Google Slows Down Plan to Replace Cookies Until Late 2023

After announcing that it planned to end third-party cookies for its Chrome Internet browser in early 2022, Google advanced the date to late 2023 in response to pushback from advertisers, privacy advocates and regulators. The company said the delay of almost two years will allow more time for these groups to adapt to new technologies it’s developing that will continue to allow targeted advertising. The issue highlights the tension between the $455 billion online advertising world and Big Tech’s attempts to add more privacy. Continue reading Google Slows Down Plan to Replace Cookies Until Late 2023

Google Plans to Swap Cookies for Another Targeted Ad Tech

Google is making its first moves to adopt the Federated Learning of Cohorts (FLoC) tracking system by 2022. FLoC allows advertisers to target ads without exposing individuals’ personal data but, instead, groups people by similar interests, such as football fans, retired travelers or truck drivers. Google group product manager, user trust and privacy Chetna Bindra explained that, “this approach effectively hides individuals ‘in the crowd’ and uses on-device processing to keep a person’s web history private on the browser.” Continue reading Google Plans to Swap Cookies for Another Targeted Ad Tech

Google Tests New Technology to Replace Third-Party Cookies

Google is replacing third-party cookies on its Chrome web browser with a more privacy-compliant option, creating an uproar among advertisers and others that use them to track consumers’ browsing across websites. Google stated it has had positive test results for its technology that analyzes browsing habits without sending sensitive data to central servers. In Q2 of this year, the company is on track for “open outside testing of ad buys” using the new technology. Google previously said it would phase out cookies in 2022. Continue reading Google Tests New Technology to Replace Third-Party Cookies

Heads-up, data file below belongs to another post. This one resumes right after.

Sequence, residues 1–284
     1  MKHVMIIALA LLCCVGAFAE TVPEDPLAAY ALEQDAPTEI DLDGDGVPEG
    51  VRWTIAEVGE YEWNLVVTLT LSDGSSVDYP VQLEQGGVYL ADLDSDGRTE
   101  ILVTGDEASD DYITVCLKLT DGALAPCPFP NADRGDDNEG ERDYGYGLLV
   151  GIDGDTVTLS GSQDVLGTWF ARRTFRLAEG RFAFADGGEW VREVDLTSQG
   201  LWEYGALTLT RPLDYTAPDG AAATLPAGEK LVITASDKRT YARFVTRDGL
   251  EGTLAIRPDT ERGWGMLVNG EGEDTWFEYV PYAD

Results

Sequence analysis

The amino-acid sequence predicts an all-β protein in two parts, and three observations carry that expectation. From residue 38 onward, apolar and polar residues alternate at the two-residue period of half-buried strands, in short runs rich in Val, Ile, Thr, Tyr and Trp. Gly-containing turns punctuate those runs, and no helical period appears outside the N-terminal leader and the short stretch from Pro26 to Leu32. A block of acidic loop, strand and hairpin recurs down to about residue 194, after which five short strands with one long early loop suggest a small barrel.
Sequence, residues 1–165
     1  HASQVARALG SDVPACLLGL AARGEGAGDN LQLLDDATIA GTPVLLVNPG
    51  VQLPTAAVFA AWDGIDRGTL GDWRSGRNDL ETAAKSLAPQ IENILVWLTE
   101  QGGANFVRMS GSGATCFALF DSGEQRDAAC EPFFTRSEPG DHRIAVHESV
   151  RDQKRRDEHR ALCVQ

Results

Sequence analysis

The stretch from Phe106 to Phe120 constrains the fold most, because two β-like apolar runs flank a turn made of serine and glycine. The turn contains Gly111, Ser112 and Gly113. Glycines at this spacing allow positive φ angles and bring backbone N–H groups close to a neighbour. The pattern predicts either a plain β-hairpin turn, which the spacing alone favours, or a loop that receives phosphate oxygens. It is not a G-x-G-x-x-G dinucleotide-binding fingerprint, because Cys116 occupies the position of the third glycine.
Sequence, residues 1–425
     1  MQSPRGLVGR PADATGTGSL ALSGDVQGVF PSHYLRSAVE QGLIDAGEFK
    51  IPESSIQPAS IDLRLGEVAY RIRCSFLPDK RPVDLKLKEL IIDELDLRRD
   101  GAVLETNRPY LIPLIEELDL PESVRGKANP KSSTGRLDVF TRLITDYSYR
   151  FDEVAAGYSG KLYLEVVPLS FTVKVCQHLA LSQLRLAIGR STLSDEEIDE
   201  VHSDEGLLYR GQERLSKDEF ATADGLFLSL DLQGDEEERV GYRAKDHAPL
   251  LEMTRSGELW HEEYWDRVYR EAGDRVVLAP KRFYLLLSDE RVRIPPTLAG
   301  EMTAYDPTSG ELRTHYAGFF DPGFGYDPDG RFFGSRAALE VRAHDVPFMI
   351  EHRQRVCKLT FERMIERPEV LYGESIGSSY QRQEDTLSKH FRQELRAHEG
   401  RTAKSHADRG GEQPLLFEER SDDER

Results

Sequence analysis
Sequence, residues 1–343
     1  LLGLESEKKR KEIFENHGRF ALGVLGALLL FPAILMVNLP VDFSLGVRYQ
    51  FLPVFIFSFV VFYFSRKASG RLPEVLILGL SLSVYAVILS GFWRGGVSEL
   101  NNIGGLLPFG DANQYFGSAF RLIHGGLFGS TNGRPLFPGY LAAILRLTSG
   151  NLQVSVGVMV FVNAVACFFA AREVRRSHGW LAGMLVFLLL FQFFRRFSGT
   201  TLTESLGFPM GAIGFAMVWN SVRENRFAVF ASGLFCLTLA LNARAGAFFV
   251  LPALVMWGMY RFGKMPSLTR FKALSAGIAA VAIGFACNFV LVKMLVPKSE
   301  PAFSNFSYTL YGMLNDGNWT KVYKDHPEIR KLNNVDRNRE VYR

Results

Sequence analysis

Google Melds Data Privacy, Advertising in Privacy Sandbox

Google said users will gain more control over the data that it shares with advertisers via a Privacy Sandbox, a new set of standards for its Chrome browser. Under pressure from the public, Google acted to create what it said will be “a more private web” that will make individual search histories harder for advertisers to follow and give users more choices over the types of data shared with marketers, including the ability to opt-out. So far, however, Google has remained “fairly vague” about the standards. Continue reading Google Melds Data Privacy, Advertising in Privacy Sandbox